After suffering a long bought of depression from the stillborn birth of her second child, former attorney Molly Sanderson has taken a job as a staff writer for the Ridgedale Reader reporting mostly on arts and entertainment. With their crime reporter unavailable, Molly is called to investigate the news of a body found near the creek on Ridgedale University’s campus, where her husband Justin is a professor.
When she arrives on the scene she discovers from Ridgedale Police Chief Steve that the body found was that of an infant, but any other details are being kept tightly under wraps. In preparation for her first online post on the case, she researches any previous murders over the last twenty years and finds that a teenager died at the same location where the infant was found, although his death was ruled an accident.
Meanwhile a secondary plot thread is introduced that centers on a teenager girl, Sandy, whose unreliable mother, Jenna, has gone missing. Sandy is new to town hasn’t registered for school because her mom depends the income of Sandy’s waitressing job for their meager survival. However, school teacher Rhea convinces Sandy to go back for her GED and sets her up with a tutor, Hannah, who is the police chief’s daughter. Hannah’s mother is Barbara, the judgmental parent of her much younger brother who is the same kindergarten class as Molly’s daughter.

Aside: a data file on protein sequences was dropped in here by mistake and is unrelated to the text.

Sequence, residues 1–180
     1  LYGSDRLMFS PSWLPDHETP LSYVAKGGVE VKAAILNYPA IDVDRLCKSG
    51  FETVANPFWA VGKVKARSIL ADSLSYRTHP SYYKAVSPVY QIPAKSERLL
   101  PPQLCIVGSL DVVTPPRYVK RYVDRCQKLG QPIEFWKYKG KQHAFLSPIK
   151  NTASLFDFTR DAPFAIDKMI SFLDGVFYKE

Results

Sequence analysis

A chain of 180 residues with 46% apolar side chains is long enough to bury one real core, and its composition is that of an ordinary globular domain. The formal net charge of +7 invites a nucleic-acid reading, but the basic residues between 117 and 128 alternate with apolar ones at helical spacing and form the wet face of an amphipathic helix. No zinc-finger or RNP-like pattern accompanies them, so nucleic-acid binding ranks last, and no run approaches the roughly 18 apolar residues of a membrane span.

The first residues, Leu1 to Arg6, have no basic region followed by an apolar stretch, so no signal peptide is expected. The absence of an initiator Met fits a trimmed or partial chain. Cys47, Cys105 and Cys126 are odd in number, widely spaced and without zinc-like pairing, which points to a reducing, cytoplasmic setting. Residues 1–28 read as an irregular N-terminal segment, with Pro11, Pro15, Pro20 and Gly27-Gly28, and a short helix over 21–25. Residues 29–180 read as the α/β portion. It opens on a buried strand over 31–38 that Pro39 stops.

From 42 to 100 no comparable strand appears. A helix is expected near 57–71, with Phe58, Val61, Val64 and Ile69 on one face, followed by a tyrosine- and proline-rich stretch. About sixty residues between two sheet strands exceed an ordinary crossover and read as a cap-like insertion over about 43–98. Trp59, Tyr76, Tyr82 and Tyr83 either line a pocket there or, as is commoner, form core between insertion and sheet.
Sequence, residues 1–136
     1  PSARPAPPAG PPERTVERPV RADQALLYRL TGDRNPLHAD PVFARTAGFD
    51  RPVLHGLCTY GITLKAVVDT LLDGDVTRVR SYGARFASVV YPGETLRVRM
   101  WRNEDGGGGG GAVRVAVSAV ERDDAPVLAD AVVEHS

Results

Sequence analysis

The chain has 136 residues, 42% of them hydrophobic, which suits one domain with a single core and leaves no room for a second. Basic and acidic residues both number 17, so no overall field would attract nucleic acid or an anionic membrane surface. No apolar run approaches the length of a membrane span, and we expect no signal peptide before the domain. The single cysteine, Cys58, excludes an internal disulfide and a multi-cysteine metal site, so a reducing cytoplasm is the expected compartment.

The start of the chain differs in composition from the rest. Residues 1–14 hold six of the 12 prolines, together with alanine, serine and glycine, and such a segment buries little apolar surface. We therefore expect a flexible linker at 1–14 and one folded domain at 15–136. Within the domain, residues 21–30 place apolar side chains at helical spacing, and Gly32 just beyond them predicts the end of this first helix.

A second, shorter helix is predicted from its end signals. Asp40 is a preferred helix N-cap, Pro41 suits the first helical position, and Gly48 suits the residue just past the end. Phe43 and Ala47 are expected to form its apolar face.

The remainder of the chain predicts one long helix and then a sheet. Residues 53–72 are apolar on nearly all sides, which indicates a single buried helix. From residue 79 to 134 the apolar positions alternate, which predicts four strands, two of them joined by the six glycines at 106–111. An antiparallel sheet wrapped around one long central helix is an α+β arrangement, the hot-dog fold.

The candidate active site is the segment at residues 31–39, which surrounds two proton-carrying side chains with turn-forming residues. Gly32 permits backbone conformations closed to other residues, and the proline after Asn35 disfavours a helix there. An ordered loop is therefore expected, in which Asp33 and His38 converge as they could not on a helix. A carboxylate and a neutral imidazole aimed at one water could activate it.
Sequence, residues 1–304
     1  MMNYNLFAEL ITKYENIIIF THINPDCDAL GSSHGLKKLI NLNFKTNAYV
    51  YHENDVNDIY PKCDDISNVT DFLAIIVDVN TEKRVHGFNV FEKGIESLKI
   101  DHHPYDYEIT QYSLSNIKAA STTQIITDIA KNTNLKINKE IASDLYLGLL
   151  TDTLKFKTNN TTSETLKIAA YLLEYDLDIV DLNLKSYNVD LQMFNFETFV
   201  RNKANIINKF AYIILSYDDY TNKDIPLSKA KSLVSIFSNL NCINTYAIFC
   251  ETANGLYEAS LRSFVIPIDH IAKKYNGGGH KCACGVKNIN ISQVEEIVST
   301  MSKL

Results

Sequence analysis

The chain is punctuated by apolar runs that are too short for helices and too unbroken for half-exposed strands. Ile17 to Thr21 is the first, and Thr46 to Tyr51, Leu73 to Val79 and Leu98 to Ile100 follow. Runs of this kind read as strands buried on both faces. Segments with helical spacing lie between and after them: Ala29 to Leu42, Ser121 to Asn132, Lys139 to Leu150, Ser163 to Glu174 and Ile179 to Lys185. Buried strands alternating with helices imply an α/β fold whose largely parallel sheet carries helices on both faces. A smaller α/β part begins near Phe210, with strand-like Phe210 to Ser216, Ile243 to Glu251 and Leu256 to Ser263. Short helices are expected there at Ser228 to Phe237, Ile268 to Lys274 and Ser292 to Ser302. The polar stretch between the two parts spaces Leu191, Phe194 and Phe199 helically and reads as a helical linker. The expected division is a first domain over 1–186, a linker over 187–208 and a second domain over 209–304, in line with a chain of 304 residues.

This was an excellent novel of psychological suspense that I couldn’t put down. McCreight casts a cloud of doubt over so many of her characters that you don’t know who to trust until the truth is revealed, which makes for an engrossing read. Molly is a sympathetic character who’s sadness over losing a child is totally understandable. I liked this so much that I am reading McCreight’s first novel, Reconstructing Amelia, next. Kimberly McCreight is the new Chevy Stevens for me.